I suspect that in ULA's dream world, the small launch providers will eventually shut down operations. Will SpaceX continue to grow after Elon Musk's death or will Blue Origin make it without Jeff Bezos? It's that lack of certainty which gives Bigelow power here. To survive, they need a market, and to get a big enough market they need more destinations in space, so it is in SpaceX, Blue Origin, and Sierra Nevada's interest to promote Bigelow. But Bigelow can charge high tenancy rates and the launch providers will have to eat as much of that cost to provide the lowest transportation rates to their own customers as possible. ULA, or specifically Boeing with its CST-100, will win this bidding war because as a larger company they can eat more cost in order to bankrupt the competitors.

Alternatively the small launch companies could create smaller, single-experiment orbital workshops. For instance, a crewed Dragon could dock with a cargo Dragon to provide enough space to support commercial research. Any particular company may not be able to afford a more long-term orbital presence, unlike governments, which can afford a 15+ year tenancy.

The current market for these small providers is the ISS, which may only operate until 2024 or possibly until 2030. Then what?

What are some wildcards?

The first obvious wildcard is international politics. Governments are big customers themselves, and China or even Chinese companies could be very large customers to any orbiting station. China has flown their own stations before, but does not have one currently, and NASA is prohibited from collaborating with the Chinese space agency. Will US companies also be banned from collaborating with China in space? Russian relations are also in a tense state, but at present it appears that they may not have much interest or economic power to invest in space.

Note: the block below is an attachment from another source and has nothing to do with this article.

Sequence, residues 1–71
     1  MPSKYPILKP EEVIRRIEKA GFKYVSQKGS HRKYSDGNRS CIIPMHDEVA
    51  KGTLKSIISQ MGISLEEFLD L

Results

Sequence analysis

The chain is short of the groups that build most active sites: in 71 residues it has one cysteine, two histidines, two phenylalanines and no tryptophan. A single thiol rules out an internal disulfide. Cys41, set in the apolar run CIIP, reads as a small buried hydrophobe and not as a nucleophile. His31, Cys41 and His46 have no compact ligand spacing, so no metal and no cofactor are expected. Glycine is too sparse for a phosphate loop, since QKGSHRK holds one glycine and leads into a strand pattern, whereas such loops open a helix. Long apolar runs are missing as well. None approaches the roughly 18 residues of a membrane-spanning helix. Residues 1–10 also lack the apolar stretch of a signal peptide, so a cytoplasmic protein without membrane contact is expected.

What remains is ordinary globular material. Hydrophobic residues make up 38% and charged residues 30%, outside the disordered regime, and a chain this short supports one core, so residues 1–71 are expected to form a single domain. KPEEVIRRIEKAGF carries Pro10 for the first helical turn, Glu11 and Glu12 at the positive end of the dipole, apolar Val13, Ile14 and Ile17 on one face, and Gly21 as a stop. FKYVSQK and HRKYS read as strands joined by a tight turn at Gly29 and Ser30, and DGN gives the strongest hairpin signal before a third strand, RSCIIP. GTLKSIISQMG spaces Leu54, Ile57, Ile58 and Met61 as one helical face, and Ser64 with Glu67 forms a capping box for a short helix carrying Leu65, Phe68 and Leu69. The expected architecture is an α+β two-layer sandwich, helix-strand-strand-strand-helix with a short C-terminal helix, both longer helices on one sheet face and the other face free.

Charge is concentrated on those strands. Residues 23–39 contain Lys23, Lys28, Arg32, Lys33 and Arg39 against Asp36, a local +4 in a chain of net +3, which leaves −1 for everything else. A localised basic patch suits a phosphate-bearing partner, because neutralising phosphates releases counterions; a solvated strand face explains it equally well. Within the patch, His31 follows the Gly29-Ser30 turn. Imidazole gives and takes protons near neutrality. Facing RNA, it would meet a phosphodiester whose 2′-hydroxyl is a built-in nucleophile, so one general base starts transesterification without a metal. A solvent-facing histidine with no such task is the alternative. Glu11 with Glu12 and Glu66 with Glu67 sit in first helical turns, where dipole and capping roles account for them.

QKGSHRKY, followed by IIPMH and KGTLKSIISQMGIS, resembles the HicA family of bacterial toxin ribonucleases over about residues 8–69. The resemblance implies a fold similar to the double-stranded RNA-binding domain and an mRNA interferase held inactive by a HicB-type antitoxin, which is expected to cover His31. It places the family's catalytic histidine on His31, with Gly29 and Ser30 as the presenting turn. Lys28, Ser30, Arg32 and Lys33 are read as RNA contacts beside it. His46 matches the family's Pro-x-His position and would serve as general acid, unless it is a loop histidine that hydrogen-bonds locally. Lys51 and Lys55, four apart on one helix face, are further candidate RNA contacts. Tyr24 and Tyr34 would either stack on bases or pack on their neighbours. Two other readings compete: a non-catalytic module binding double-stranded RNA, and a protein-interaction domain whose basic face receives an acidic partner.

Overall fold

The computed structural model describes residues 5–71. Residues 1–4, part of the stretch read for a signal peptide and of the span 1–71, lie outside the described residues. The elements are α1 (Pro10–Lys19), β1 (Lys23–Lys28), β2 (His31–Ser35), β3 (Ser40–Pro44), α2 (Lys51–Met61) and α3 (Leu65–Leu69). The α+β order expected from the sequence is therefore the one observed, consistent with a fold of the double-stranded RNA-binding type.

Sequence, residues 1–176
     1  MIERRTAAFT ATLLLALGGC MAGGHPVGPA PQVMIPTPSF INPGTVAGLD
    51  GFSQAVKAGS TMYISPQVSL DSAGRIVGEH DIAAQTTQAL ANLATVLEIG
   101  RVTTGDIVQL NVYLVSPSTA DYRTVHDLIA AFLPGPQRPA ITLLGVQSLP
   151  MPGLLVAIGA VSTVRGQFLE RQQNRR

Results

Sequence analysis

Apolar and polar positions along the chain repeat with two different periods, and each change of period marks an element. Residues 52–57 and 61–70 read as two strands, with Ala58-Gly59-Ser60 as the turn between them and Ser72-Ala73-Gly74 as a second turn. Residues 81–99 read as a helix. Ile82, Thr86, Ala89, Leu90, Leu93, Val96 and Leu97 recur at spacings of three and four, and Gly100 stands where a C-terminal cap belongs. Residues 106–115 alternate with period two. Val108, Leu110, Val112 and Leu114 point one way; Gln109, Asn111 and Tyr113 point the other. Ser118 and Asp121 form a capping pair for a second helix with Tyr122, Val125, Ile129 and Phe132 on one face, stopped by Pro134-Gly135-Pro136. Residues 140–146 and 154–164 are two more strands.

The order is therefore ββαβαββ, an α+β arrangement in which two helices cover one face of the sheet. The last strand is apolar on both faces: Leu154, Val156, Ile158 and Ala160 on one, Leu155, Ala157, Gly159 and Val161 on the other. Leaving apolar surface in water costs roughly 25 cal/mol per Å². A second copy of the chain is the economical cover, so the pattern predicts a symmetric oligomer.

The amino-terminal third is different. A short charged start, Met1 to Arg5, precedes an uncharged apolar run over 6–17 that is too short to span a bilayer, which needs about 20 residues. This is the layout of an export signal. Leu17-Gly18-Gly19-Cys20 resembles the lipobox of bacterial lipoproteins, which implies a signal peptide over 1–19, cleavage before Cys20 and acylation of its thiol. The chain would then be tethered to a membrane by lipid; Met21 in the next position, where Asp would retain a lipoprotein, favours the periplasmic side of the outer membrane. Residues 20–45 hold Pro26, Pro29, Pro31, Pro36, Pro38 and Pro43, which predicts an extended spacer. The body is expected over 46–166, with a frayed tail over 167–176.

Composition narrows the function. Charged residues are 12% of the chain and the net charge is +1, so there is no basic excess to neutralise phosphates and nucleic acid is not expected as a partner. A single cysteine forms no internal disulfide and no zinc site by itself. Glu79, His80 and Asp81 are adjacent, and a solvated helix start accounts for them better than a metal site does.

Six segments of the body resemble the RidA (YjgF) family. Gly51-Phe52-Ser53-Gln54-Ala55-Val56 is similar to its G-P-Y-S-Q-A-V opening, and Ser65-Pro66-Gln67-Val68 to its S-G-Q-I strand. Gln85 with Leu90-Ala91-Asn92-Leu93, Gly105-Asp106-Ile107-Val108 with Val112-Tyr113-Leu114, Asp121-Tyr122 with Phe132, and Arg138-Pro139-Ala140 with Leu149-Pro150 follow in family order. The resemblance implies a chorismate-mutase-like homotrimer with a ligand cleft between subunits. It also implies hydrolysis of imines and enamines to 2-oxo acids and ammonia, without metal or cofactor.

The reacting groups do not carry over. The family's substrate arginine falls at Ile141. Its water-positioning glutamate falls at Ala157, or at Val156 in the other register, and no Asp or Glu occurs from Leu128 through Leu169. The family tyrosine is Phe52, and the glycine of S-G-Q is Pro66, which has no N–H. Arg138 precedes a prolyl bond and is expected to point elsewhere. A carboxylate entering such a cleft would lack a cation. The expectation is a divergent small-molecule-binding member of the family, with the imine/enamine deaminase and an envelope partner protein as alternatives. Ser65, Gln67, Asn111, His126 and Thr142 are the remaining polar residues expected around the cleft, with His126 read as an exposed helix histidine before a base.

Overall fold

Bigelow states that expandable modules are necessary to increase the size of orbital modules. However, I think there is another way, which is additive manufacturing on-orbit of orbital modules. I do not think that we can build and human-rate a fully 3D-printed structure in my lifetime, but I do think that 3D printing could help shorten the development timelines considerably. Perhaps I'll submit a proposal for such a module when the call for proposals comes out from http://www.nasa.gov/nextstep later this month.

Disclaimer

This is just a blog. I'm just sitting here in my underwear eating cheetos and talking about space stuff. Don't bet your startup on any perceived market opportunities contained here.

© Peter Brandt 2019 | all images in public domain unless otherwise stated